When you take your business international, there is increased complexity in creating your marketing and business strategies. You will need to think about how to localize and price your product for an international market, taking into consideration the regulatory and cultural environment of your market, and you will need to think about intellectual property issues.
It is important to price your goods appropriately for a market, ensuring that the price falls within the average for the market you are selling to. Research your product in your target market to find out the usual price. Selling too low or too high can cause you to conflict with pricing regulations in your target country such as anti-dumping legislation, resale-price-maintenance legislation, price ceilings, and price level reviews.
As you will be exporting, your pricing will also have to take into consideration extra overhead involved in exporting such as:
- Costs of marketing and promotion (including and translation of materials)
- Production costs (including any added cost in localization your product and special packaging)
- Documentation fees
- Financial considerations (such as currency exchange rates and fluctuations, and the purchase of insurance to manage risk)
After you have determined the market price for your product and calculated the production, logistical and distribution costs, you will need to align your price with your strategic goals. If you are in an area of high competition, you might want to keep your prices low to improve market penetration, while funding your overhead out of your domestic sales. Alternatively, set your prices higher to cover both your fixed and variable costs, and to make optimum profit among high-end consumers. Pricing should be revisited on an annual basis at a minimum.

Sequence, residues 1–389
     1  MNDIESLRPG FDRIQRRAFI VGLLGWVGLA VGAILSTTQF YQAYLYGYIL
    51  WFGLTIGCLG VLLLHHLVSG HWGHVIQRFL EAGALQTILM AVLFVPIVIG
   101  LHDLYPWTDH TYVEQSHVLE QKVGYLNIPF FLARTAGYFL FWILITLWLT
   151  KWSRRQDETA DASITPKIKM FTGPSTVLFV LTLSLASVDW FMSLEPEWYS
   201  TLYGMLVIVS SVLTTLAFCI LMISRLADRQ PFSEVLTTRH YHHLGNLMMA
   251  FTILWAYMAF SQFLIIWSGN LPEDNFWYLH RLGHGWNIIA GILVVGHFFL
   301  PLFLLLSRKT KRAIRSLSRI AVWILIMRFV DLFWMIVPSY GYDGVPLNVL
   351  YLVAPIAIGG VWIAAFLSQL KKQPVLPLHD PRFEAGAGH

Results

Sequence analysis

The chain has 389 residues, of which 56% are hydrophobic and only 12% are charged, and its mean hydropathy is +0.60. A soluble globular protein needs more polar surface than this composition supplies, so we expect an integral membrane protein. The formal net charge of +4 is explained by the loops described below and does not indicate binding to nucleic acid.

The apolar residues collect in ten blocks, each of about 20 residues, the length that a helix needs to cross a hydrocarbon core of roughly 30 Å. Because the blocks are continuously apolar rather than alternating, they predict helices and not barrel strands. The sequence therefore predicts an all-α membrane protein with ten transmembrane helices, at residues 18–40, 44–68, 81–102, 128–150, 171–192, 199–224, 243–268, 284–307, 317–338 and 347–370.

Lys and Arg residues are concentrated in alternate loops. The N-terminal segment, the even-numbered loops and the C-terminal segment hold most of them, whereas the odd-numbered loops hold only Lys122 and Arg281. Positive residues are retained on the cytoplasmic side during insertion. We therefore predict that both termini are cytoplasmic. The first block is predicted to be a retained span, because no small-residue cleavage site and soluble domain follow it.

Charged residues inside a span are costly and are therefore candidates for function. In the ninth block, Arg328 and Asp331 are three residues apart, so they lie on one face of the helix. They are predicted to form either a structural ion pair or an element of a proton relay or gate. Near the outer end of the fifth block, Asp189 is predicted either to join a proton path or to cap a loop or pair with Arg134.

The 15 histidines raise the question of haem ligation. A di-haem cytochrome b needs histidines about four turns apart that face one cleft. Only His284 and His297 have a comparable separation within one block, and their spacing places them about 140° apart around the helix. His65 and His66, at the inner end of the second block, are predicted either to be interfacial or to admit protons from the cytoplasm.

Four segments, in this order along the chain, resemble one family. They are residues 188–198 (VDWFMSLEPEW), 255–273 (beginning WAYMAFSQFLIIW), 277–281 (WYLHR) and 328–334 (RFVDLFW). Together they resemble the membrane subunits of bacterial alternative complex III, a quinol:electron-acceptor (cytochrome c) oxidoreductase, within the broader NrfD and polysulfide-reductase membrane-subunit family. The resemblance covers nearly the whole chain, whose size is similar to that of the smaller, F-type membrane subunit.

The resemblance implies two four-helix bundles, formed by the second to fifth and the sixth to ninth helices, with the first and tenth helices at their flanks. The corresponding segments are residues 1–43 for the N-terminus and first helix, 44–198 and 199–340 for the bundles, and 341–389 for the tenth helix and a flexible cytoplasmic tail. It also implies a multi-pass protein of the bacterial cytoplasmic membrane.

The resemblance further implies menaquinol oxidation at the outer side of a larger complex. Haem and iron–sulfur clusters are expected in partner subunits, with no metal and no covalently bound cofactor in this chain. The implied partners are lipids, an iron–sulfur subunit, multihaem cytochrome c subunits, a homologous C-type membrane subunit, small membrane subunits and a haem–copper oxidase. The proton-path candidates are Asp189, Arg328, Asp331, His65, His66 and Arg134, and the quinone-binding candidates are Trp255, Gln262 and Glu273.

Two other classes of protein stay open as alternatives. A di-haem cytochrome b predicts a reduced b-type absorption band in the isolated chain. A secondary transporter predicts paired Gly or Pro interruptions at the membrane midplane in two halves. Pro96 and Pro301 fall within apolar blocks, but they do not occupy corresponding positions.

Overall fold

Step-by-Step Guide to Exporting – Step 5 – Reaching the customer: developing your export marketing strategy (login required)
The Canadian Trade Commissioner Service
Learn about marketing your product internationally and how to set the price of your goods.
7 international pricing constraints every exporter needs to consider
Export Development Canada
This article explores potentially unforeseen variables that might affect your pricing strategy.
Unique selling proposition
Regardless of how you choose to get your product to a market, you will need to make sure that your product will be able to sell in that market. It is important that you can identify and communicate your unique selling proposition (USP).
USP identification, pricing strategies and development all other sales and marketing strategies should start with a market scan which will involve collecting information on competitors and their products (price lists, marketing materials, annual reports, social media feeds) and examining their products at trade shows. Analyze this data to assess the strengths and weaknesses of your competitors. This will help you identify what your unique selling proposition will be.
Think about what you’re offering to the customer, how it is valuable to them, and if there are characteristics of your product or service are unique than what is being offered by your competitors.
Once you have your value proposition, you need to think about how to prove it. Some ways of proving your claims are testimonials and case studies (especially localized ones), performance comparison data, and trials and demonstrations.
Whether you are using an intermediary or making the sale yourself, you’ll need to be able to communicate your USP through marketing materials and through an online presence. Remember that if you are selling to a market where the primary language isn’t English, it’s best to keep the content of your marketing materials simple and the design flexible so that it can be more easily translated for your target market.